This myth is actually a bit more elaborate than the title suggests.  I’ve presented it below in its entirety:

All recruiters work the same way and all of them know how to be headhunters.

There have always been recruiters who only work from resumes they have on file or through employment advertising.  Then there are those who conduct a complete search.

Most companies have no idea who does what, much less when to use one recruiter over another.  In the old days, it was filing cabinets, newspaper classified advertising, and a rotary phone.  Now it’s online job posting, LinkedIn, Bing, Facebook, Twitter, Monster, and other job boards, computer databases, and headsets.

In short, these recruiters deal with people who are looking for jobs.

A true search includes not only active job seekers, but also reaching out to network with those who are happy in their jobs and those who are content enough to passively look for a new opportunity.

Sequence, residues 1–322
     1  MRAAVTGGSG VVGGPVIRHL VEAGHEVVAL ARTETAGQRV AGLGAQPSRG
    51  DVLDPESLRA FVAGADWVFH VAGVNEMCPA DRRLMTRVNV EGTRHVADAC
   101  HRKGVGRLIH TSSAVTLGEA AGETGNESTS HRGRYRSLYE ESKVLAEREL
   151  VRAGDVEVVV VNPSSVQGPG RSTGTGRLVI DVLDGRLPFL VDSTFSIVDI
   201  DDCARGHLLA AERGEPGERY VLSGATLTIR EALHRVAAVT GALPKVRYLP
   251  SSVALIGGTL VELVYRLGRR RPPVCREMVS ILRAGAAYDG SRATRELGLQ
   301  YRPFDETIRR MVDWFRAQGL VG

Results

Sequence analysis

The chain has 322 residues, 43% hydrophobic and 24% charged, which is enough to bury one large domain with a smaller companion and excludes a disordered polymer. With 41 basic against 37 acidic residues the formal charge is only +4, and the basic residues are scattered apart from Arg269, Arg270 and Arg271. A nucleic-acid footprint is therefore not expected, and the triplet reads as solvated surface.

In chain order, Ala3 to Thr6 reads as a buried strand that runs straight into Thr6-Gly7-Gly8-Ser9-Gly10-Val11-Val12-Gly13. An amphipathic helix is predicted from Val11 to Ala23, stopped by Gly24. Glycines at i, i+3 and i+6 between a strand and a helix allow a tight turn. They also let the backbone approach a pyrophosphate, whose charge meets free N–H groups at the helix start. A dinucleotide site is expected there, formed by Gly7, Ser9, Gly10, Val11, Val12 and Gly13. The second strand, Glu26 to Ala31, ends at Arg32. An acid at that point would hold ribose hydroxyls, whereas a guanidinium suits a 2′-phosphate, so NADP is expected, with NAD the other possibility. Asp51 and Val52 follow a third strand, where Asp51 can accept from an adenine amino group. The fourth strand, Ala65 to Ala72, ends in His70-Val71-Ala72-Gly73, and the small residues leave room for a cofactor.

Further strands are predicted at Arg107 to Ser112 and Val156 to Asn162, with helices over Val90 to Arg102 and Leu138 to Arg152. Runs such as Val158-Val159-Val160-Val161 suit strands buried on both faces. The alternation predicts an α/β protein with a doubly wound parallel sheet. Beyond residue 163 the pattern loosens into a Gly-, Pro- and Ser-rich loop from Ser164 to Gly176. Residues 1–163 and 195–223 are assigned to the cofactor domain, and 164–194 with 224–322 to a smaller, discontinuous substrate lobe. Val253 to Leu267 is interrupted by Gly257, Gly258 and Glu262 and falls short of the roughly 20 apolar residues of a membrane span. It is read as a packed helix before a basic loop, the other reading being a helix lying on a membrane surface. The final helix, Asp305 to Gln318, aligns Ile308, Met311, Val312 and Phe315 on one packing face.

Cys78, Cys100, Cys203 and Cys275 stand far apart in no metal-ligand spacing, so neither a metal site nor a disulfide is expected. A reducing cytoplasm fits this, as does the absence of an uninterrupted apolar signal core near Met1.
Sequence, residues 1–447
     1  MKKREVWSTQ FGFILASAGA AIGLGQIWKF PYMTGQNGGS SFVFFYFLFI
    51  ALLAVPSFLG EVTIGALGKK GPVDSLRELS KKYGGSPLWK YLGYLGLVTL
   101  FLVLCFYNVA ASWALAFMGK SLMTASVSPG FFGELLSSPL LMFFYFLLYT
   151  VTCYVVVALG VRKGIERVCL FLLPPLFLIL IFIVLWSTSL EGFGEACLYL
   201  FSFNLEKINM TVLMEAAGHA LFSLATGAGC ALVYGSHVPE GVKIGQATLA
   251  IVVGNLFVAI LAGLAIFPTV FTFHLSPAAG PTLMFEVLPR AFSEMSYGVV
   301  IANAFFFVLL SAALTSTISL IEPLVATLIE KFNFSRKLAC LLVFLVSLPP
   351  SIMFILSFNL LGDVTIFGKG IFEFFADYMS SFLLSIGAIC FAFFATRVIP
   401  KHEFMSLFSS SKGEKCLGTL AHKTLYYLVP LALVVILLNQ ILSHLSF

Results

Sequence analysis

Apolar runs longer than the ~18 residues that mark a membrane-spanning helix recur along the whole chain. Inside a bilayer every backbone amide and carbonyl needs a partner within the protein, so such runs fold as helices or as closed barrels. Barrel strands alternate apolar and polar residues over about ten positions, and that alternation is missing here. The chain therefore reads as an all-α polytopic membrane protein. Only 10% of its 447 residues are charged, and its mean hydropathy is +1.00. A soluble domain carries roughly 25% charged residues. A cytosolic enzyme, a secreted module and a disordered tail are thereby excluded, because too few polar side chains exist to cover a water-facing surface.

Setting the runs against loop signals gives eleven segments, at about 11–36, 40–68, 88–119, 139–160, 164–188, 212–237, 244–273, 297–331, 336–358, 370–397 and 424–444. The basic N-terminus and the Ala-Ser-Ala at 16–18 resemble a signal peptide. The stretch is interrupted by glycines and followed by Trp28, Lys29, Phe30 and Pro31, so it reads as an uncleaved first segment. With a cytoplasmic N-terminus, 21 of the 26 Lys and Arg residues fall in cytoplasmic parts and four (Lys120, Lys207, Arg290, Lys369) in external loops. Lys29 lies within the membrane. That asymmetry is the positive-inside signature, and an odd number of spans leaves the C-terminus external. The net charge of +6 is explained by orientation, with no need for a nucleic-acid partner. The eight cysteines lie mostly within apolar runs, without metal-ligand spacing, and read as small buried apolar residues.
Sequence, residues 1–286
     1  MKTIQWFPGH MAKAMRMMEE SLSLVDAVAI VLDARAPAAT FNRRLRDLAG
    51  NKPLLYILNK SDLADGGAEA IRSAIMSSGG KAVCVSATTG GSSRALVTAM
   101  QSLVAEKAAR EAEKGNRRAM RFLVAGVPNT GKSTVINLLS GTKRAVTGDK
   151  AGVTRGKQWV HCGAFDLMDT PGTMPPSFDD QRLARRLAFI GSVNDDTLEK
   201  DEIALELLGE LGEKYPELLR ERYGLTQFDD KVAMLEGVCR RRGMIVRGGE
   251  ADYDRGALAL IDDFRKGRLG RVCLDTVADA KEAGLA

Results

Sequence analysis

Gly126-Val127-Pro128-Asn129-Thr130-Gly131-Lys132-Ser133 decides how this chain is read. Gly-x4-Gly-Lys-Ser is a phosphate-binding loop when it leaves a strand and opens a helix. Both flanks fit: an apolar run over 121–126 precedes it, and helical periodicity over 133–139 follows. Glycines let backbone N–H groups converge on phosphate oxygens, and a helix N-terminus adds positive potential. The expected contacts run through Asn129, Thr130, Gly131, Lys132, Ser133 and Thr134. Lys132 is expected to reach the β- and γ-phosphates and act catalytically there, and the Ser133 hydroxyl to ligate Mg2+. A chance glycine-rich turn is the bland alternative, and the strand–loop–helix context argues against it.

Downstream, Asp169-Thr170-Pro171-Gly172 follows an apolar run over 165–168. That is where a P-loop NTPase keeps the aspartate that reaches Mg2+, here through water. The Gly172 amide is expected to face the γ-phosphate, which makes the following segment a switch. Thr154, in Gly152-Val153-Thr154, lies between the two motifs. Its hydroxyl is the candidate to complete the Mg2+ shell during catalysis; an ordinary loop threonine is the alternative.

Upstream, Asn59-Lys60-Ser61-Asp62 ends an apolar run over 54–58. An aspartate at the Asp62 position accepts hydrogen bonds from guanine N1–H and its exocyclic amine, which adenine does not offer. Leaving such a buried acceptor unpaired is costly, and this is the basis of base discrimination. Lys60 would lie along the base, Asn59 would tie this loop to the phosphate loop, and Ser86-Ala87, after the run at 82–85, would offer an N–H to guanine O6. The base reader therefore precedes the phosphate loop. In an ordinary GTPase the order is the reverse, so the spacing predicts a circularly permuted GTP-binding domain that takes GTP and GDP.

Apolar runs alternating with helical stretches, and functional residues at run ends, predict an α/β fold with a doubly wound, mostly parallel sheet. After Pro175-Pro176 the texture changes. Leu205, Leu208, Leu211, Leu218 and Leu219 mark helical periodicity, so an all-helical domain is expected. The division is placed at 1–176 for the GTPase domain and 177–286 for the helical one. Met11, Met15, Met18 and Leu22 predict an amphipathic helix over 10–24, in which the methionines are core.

You might be asking why this is important.  Allow me to explain.

If you need a supervisor-level candidate or an individual contributor who will be directly managed, often you can fill the job with those who are actively looking for a new role.  If you have a key position, you probably want to recruit someone who doesn’t feel the need to look for a job.

By utilizing a recruiter who is a true headhunter, who regularly “hunts heads” for difficult searches and senior roles, you will be presented with a pool of candidates who are the best in the field, versus the best who are actively looking for work.

(For more information about maximizing the benefits of working with a recruiter, download a copy of Dan Simmons’s e-Book, Hunting the Headhunter: Your Guide to Debunking Myths, Cutting Costs, and Changing the Way You Play the Recruitment Game.)